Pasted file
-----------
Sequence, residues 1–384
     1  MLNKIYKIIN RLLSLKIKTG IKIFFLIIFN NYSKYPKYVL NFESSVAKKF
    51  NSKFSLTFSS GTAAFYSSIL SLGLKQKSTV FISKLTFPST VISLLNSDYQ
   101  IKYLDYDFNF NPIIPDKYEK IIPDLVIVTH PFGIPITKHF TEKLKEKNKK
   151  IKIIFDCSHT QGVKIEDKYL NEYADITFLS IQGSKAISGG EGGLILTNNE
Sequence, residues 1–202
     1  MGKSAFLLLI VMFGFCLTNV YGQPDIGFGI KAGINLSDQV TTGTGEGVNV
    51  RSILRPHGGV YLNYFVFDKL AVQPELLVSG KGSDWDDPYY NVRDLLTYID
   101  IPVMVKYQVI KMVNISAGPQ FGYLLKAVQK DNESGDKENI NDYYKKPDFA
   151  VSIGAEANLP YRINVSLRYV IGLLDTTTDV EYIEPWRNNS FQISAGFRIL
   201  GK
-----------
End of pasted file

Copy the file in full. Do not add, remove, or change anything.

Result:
Sequence, residues 1–384
     1  MLNKIYKIIN RLLSLKIKTG IKIFFLIIFN NYSKYPKYVL NFESSVAKKF
    51  NSKFSLTFSS GTAAFYSSIL SLGLKQKSTV FISKLTFPST VISLLNSDYQ
   101  IKYLDYDFNF NPIIPDKYEK IIPDLVIVTH PFGIPITKHF TEKLKEKNKK
   151  IKIIFDCSHT QGVKIEDKYL NEYADITFLS IQGSKAISGG EGGLILTNNE
Sequence, residues 1–202
     1  MGKSAFLLLI VMFGFCLTNV YGQPDIGFGI KAGINLSDQV TTGTGEGVNV
    51  RSILRPHGGV YLNYFVFDKL AVQPELLVSG KGSDWDDPYY NVRDLLTYID
   101  IPVMVKYQVI KMVNISAGPQ FGYLLKAVQK DNESGDKENI NDYYKKPDFA
   151  VSIGAEANLP YRINVSLRYV IGLLDTTTDV EYIEPWRNNS FQISAGFRIL
   201  GK